Greece’s net metering: success or failure?

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The Hellenic Association of Photovoltaic Companies (HELAPCO) has published a report concerning Greece’s net metering installations. The report is based on data published by the country’s Electricity Distribution Network Operator (HEDNO), which is the Greek institution responsible for processing the net metering applications.

According to HELAPCO’s report, HEDNO has received 574 applications for net metering systems since May 2015, when application for net-metered PV systems to connect to the low voltage grid commenced. These applications correspond to 11.3 MW of PV capacity to be connected to Greece’s mainland electricity network. An additional number of applications were submitted but later withdrawn, says HELAPCO.

Of the 11.3 MW of capacity, 17 systems (or about 3.16 MW of capacity) concern net metering systems to be connected directly to the medium voltage grid, for which the application process opened slightly later, in October 2015.

Overall, HELAPCO says, the vast majority of net metering applications concern commercial and household rooftops. Furthermore, 59% of applications regard PV systems up to 10 KW each, and 26% of applications are for systems between 10 KW to 20 KW each. Applications for PV systems larger than 20 KW are submitted exclusively from businesses.

Up to the beginning of August, 3.96 MW of capacity dispersed among 292 net metering systems were installed in Greece’s mainland. Another 170 systems (or 2.48 MW of capacity) have signed a grid connection agreement with HEDNO.

Greece’s islands

Applications for net metering PV systems to be installed in Greece’s non-interconnected islands networks began in April. Overall, 380 applications have been submitted, corresponding to 5.985 MW of capacity. The majority of applications concern large islands like Crete, Samos and Rhodes.

Up to the end of July, 15 net metering systems (or 139.4 KW of capacity) have been installed in Greece’s standalone islands grids.

Net metering installations on the Greek islands bear great significance due to their being predominantly powered by diesel at extraordinary costs. Development of renewable energies in the standalone electricity networks can reduce Greek consumers’ electricity bills.

Success or failure?

It is rather difficult to reach a definite conclusion regarding Greece’s net metering policy and market. There are some very positive signals, which include HEDNO’s relatively fast administrative response to net metering applications; the commencement of applications for the islands, and the recent policy decision to allow virtual net metering, albeit for specific installations only.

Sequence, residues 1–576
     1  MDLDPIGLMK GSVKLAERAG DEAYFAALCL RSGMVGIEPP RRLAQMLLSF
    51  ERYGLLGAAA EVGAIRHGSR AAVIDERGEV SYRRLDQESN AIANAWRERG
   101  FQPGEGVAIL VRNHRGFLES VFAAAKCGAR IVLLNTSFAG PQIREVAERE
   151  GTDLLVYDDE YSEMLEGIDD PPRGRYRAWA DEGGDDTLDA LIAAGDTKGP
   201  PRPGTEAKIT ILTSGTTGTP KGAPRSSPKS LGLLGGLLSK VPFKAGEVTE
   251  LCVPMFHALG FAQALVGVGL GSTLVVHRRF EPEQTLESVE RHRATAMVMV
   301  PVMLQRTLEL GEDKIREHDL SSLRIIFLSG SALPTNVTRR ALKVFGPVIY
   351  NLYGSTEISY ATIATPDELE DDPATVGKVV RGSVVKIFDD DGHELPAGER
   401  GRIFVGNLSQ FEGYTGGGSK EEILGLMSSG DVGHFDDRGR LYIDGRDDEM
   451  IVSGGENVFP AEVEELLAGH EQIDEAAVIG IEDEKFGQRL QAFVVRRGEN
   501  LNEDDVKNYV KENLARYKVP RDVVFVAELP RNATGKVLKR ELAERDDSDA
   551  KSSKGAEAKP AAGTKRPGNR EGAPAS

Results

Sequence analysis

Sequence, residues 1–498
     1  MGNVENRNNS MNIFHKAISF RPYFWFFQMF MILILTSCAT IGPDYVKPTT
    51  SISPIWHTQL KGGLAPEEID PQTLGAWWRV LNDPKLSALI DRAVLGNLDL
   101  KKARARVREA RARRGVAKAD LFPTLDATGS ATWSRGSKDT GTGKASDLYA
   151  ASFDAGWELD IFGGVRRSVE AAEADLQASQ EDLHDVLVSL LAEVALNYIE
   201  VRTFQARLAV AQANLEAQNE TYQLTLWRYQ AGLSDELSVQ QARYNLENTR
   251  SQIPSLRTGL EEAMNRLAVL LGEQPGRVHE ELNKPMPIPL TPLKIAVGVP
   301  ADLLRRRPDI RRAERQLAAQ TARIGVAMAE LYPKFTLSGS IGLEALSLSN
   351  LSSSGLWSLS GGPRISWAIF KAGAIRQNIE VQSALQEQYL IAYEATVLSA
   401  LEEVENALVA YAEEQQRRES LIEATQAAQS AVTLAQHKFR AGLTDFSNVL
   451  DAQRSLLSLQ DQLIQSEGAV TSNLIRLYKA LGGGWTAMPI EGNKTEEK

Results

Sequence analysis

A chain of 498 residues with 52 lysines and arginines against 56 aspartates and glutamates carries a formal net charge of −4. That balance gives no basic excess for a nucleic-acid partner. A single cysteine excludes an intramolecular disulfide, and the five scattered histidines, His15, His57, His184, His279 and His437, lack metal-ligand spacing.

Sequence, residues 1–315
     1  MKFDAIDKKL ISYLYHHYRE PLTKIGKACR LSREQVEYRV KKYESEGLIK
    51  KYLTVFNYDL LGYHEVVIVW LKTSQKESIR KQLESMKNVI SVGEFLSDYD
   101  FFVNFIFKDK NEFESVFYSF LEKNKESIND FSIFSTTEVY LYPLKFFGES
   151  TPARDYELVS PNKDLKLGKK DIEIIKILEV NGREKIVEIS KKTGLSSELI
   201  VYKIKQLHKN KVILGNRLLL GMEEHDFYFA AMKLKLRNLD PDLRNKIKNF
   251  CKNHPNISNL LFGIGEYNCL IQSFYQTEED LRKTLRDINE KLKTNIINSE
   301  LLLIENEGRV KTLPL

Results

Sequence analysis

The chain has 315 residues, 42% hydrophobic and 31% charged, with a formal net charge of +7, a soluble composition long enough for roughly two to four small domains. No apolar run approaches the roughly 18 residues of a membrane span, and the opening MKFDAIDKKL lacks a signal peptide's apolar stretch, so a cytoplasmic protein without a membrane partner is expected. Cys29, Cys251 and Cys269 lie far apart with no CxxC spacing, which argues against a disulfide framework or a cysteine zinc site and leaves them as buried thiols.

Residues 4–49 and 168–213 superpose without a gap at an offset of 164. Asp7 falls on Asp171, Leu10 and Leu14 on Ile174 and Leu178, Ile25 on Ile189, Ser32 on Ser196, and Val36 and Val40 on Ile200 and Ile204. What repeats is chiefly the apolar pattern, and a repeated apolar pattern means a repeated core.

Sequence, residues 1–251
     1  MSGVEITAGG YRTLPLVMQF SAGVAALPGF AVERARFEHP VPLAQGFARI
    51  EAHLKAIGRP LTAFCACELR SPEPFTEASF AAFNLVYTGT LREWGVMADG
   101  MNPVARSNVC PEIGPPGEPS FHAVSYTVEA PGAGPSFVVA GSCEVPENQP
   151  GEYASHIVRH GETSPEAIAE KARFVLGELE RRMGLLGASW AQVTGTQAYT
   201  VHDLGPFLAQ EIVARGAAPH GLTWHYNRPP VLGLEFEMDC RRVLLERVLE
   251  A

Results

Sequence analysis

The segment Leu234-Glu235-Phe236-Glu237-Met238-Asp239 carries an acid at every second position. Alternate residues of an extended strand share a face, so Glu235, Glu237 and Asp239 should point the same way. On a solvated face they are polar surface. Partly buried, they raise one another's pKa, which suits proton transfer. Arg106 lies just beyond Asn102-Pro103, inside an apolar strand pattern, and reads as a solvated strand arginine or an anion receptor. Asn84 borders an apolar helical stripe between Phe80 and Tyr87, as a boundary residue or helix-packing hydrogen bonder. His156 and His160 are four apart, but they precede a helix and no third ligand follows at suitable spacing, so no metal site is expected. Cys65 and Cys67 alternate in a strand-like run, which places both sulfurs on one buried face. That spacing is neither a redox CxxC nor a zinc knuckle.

Stelios Psomas, policy advisor at the Hellenic Association of Photovoltaic Companies (HELAPCO) told pv magazine a few months ago that “a figure of around 10 to 15 MW of new PV installations [via net metering] in 2016 is considered realistic.” Until the end of July, only 4.1 MW of net-metered systems were installed.

Of course, Greece’s financial situation remains critical and the banks continue to apply restrictions on the flow of capital. The latter is a policy imposed by Greece’s government in July 2015 and was meant to last for a few months only. Even today, the Greek government is unable to provide a valid answer as to when capital controls will be lifted.

Apart from the urgent capital issues, broader energy market concerns are also important. Greece’s electricity market is changing rapidly and the government appears unable to control or grasp the shifting market landscape. Over the following months, the liberalization of Greece’s electricity market will bring new dynamics. Net metering solutions for large electricity consumers are then expected to make even more economic sense.

Earlier in September, Reload Greece, which brands itself as “the hub of youth entrepreneurship in London, aiming to ensure that young people will develop skills in entrepreneurship and social innovation”, ran the Reload Greece Bootcamp 2016 in Athens.

Christina Garidi, a partner of Reload Greece, told pv magazine that the event also hosted presentations that support sustainability in business and entrepreneurship including renewable energy (such as solar panels), trying to instill in the younger generations of Greeks the message of green enterprising.

However, of all the start-up companies the Athens business event examined, none regarded the energy sector. This is not by accident. Greece’s electricity market is very traditional and the move to the digitization era has only very slowly made its appearance, mainly through the net metering scheme. In the coming months, the liberalization of the market will alter the electricity dynamics fundamentally and, first of all, Greek businesses will seek alternative business models. Net metering will be the obvious solution for a great portion of them. The Reload Greece Bootcamp 2017 and 2018 will most possibly examine startups of Greeks aiming for the digitization market.